Writing Job Descriptions That Get The Results You Want
One of the first questions that one might ask in preparing a job description is; What do I hope to accomplish? What should a job description actually do for the organization and the person in the job?
Those with lower expectations might say; Collect as much dust as possible. Since dust collection is what most job descriptions actually do, collecting the most dust would be considered superior performance.
Some, however, want more. Those wanting to maximize individual performance, know that before you can be the best you can, you must at least know at what you wish to be the best. I mean setting objective is important, very important. The single most frequent comment from candidate that go on job interview is, "I not sure what their expectations are." How sad that is. Most organizations want to hire superior people and may even do so, but often put these people in the wrong job.
Establishing clarity around the expectations of a job requires more than a list of "dos and haves."
- We have found that the most effective job descriptions are plain, simple documents that are usually one page only and consist of just 3 parts; What a person in this job is expected to do on a daily basis. We title this section, General Duties and Responsibilities and limit them to 10.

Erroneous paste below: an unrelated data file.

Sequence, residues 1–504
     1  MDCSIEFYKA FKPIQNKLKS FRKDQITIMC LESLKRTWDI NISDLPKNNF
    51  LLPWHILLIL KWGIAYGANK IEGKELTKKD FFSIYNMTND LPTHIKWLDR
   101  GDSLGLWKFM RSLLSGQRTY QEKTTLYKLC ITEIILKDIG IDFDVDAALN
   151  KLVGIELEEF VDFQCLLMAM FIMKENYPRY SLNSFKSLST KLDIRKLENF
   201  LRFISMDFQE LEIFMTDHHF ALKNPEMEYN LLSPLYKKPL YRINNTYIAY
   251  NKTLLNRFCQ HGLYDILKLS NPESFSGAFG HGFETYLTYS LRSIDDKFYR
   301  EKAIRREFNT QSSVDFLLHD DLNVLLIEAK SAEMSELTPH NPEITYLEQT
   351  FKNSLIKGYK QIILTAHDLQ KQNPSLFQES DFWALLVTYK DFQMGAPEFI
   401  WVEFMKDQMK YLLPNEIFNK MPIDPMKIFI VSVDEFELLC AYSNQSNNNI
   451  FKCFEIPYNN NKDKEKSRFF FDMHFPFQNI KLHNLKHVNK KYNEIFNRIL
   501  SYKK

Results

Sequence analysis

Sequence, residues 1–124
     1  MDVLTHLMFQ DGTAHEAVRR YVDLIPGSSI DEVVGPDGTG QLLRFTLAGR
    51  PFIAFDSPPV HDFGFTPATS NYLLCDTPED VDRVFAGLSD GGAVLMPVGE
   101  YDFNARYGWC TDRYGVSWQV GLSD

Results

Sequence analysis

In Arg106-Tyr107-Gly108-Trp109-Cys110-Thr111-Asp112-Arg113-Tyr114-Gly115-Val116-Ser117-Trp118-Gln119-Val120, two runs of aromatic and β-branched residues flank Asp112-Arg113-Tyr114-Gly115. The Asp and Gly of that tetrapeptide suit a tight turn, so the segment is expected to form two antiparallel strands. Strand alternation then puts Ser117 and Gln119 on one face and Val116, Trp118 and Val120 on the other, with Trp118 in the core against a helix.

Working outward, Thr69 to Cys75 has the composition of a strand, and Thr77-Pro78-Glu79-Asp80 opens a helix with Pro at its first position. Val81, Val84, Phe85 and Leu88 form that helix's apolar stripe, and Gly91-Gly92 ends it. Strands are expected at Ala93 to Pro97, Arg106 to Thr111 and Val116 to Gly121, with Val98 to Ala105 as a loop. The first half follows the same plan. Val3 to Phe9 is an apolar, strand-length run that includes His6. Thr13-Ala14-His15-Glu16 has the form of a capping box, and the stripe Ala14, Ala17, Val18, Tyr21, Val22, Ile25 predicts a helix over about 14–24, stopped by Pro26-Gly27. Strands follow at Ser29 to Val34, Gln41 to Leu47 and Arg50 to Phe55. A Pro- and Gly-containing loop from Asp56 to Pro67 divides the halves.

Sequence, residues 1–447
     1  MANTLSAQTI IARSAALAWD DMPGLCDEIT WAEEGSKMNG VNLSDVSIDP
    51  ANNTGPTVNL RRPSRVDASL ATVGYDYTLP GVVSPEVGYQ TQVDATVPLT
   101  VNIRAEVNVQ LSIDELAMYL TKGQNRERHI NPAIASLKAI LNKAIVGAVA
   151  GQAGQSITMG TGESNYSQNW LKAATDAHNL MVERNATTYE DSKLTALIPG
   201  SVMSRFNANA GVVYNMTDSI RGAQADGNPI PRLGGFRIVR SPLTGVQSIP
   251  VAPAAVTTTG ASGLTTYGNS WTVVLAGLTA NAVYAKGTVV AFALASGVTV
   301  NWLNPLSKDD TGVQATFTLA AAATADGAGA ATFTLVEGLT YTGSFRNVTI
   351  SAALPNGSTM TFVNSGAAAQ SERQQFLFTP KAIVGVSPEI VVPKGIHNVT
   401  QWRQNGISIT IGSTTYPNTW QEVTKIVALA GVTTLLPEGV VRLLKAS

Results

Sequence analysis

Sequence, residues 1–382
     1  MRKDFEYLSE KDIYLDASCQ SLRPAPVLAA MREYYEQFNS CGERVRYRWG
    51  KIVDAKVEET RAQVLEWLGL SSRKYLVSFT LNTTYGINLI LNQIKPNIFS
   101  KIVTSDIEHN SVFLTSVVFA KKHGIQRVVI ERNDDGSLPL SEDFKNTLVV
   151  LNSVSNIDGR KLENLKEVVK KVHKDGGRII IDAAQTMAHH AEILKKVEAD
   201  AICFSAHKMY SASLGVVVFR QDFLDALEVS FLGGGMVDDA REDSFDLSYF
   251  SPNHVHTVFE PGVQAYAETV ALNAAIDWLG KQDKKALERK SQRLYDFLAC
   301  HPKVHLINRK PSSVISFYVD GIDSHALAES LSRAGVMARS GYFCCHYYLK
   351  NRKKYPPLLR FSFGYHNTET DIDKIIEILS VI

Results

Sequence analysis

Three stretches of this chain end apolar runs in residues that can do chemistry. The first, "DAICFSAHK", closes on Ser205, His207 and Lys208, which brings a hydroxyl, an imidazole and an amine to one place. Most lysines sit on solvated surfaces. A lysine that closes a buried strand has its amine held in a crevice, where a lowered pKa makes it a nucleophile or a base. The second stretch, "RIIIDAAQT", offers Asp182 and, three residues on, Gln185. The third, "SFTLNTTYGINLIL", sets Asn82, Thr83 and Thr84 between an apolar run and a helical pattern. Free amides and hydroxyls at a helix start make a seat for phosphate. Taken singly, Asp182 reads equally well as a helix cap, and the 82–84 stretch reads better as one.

- They also contain 3-5 minimum acceptable outcomes (measurable and time limited), that if unaccomplished on a frequent and ongoing basis, are grounds for termination. We call these Mission Critical Outcomes.
- Additionally they define 3-5 outcomes that would be considered "break-through (also measurable and time limited)." Achievements that would make everyone happy. We refer to these a Break-Through Outcomes.
The very best way we have found to make certain the person hired for the job understands the expectations, is to ask them to read it, initial it and date it before the interviewing process begins, then once again early in the on-boarding process and to use it in coaching sessions with the hiring manager as a gage of how the employee is doing.
So for effective job descriptions:
- Make them simple, one-page documents
- Make certain the right people actually read what is expected of someone in that job
- Have them verify having read the document by asking them to sign and dated the job description.
- Review it with them frequently